Dinner becomes a theatrical performance at Carlo e Camilla


Carlo e Camilla, Milan
Porcelain plates and centrepiece by Richard Ginori. Photo by Nathalie Krag for Tanja Solci studio.
Carlo e Camilla. Segheria, Via G.Meda 24, Milan, Italy / carloecamillainsegheria.it

Located in Milan-Via Meda 24, the building dates back to 1932. Damaged during bombing in the Second World War, it was rebuilt in 1946 according to the architectural style of the factories of the period. Brick and concrete walls and a shed roof make the most of the natural light, covered in perforated bricks on the inside and tiles on the outside. The factory’s production of shipping cases stopped at the end of the 1970s. In 1999 Tanja Solci walked in and, together with her father Carlo Solci, restored it into the building as we see it today. In the art world, they call it “conservative repair”. It’s the same approach that Carlo Cracco used in this last adaptation (in 2014) to convert it into an unconventional bistro within a factory. Under the owner’s artistic direction, engineer Umberto Montorfano from Impresa Renato Montorfano skilfully directed the works, contracting a selected group of artisans from the restoration culture and tradition.

Photo by Nathalie Krag for Tanja Solci studio.

“A dramatic setting halfway between dream and reality. Carlo and Camilla are the male and female side of an imaginary couple that welcome their guests into a surreal country home within a converted factory in the heart of Milan. It’s a scene suspended in time that awakens a naked industrial shell bringing it back to life; a ritual that recurs every night, with ever-changing guests, dishes and conversations.”

The set-up is simple: two long tables crossing at the centre and large crystal chandeliers strategically suspended to create a dramatically lit space. Reflections create leaf patterns on the wooden tables, while the light illuminates the guests’ hands only when they reach for their plates. Dinner becomes a theatrical performance. The history of design finds a dedicated space on this set, with Cappellini chairs: white and cobalt blue Fronzoni ’64 on one side, symbolically gendered by Carlo’s male side. Jasper Morrison’s blue and green Tate chairs line the other, dedicated to the imagined Camilla’s femininity. Solci dresses the tables with an unusual mise en place. Mix-matched ceramic tableware from Richard Ginori’s vintage and out of production collections, elegantly sits next to over 100 pieces of strikingly white crockery: tea pots, kettles, milk jugs, sauce boats and sugar jars, all from the Florentine maison.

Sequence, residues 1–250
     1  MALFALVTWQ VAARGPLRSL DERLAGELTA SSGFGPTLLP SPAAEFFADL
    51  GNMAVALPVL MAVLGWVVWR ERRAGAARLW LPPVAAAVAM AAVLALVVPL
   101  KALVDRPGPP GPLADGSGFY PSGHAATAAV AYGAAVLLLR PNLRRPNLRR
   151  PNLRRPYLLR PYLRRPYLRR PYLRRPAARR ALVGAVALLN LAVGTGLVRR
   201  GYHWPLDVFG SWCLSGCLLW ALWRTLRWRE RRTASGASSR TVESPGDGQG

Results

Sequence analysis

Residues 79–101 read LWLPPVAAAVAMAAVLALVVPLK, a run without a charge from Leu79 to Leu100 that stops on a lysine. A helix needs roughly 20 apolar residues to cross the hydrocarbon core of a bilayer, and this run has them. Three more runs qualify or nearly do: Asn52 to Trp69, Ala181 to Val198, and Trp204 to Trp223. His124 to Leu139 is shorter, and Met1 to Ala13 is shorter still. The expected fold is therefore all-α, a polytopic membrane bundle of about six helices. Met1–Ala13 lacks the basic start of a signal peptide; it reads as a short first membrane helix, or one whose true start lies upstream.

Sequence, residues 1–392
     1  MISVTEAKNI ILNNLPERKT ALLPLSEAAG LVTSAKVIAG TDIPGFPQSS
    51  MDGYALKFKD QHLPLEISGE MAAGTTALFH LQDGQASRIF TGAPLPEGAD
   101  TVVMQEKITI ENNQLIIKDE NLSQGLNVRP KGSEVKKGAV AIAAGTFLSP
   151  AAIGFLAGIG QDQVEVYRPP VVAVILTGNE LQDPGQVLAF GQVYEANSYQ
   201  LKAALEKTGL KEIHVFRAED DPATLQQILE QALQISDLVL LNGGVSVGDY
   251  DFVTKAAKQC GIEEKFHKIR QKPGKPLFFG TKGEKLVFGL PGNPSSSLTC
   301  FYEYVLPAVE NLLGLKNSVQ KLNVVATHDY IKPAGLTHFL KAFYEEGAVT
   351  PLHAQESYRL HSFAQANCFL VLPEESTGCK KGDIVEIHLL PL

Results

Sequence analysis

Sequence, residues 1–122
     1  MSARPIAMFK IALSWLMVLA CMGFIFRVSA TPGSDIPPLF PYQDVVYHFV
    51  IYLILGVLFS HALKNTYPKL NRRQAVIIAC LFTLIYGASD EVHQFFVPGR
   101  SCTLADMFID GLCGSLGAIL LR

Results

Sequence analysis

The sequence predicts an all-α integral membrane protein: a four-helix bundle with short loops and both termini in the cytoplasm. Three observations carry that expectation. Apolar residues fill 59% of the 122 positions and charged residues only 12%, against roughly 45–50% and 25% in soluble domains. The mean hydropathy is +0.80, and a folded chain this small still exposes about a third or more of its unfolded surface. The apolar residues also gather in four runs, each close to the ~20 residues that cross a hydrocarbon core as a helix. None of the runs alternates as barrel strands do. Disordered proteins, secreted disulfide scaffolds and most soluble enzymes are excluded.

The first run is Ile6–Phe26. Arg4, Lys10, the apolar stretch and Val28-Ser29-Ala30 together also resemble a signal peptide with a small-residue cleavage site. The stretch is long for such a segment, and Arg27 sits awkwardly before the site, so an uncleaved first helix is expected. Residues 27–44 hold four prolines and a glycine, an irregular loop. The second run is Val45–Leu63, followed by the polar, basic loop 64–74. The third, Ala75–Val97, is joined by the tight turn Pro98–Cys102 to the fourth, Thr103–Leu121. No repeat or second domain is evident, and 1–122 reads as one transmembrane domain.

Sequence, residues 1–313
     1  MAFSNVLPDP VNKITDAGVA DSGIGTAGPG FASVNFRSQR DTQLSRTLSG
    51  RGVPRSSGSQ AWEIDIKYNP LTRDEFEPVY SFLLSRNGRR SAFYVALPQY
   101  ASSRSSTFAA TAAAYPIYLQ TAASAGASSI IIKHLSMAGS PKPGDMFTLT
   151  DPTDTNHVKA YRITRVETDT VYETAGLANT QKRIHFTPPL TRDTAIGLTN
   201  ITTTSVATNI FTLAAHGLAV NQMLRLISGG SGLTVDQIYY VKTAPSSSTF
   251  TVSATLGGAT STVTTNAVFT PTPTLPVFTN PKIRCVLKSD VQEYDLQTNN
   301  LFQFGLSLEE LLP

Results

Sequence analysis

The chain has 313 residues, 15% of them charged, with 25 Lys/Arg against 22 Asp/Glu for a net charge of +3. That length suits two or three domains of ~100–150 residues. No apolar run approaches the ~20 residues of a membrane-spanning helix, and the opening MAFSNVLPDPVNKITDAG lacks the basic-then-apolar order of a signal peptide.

Dinner becomes a theatrical performance at Carlo e Camilla in Segheria, Milan
Photo by Nathalie Krag for Tanja Solci studio.

Tanja Solci says “There is no idea if it’s not capable of telling a story”

After a degree in Philosophy at the State University of Milan, Tanja Solci has been win over the professional profile of artistic director in more then 15 years experience. Her work is to forge ideas into a unique image and style. She creates visual identities and concept’s format that become alive through space and graphics, and translates them into public spaces, commercial projects and exhibitions. She designed and curated the first and largest retrospective ever dedicated to American photo-reporter Steve McCurry. Inaugurated at Palazzo della Regione in Milan, the event was conceived as a narrative of travelling and living through time, which has been resident for four years now. She is the mind behind the “Milan brand”, designed to promote the city, and currently used for the cultural communication of exhibitions and the Milan Expo. She designed the new concept for the civil wedding hall at Palazzo Reale, Milan.

Porcelain plates and centrepiece by Richard Ginori. Photo by Nathalie Krag for Tanja Solci studio.

Between 1999 and 2013, she turned her love for spaces into a project, with Segheria: throughout the years this family space has hosted world-renowned designers and architects, internationally acclaimed photographers and the most prestigious fashion brands. From 1999 to 2007 she revolutionised Milan’s fuorisalone. With her, for the first time, the design crowd was invited to grand installations where a deliberate absence of product was replaced by the representation of the brands’ values, brought to life in poetic and conceptual ways. Authentic cultural events revealed public spaces until then unknown. She is the pioneer of a new way of communicating that makes the public part of the representation. “There is no idea if it’s not capable of telling a story”.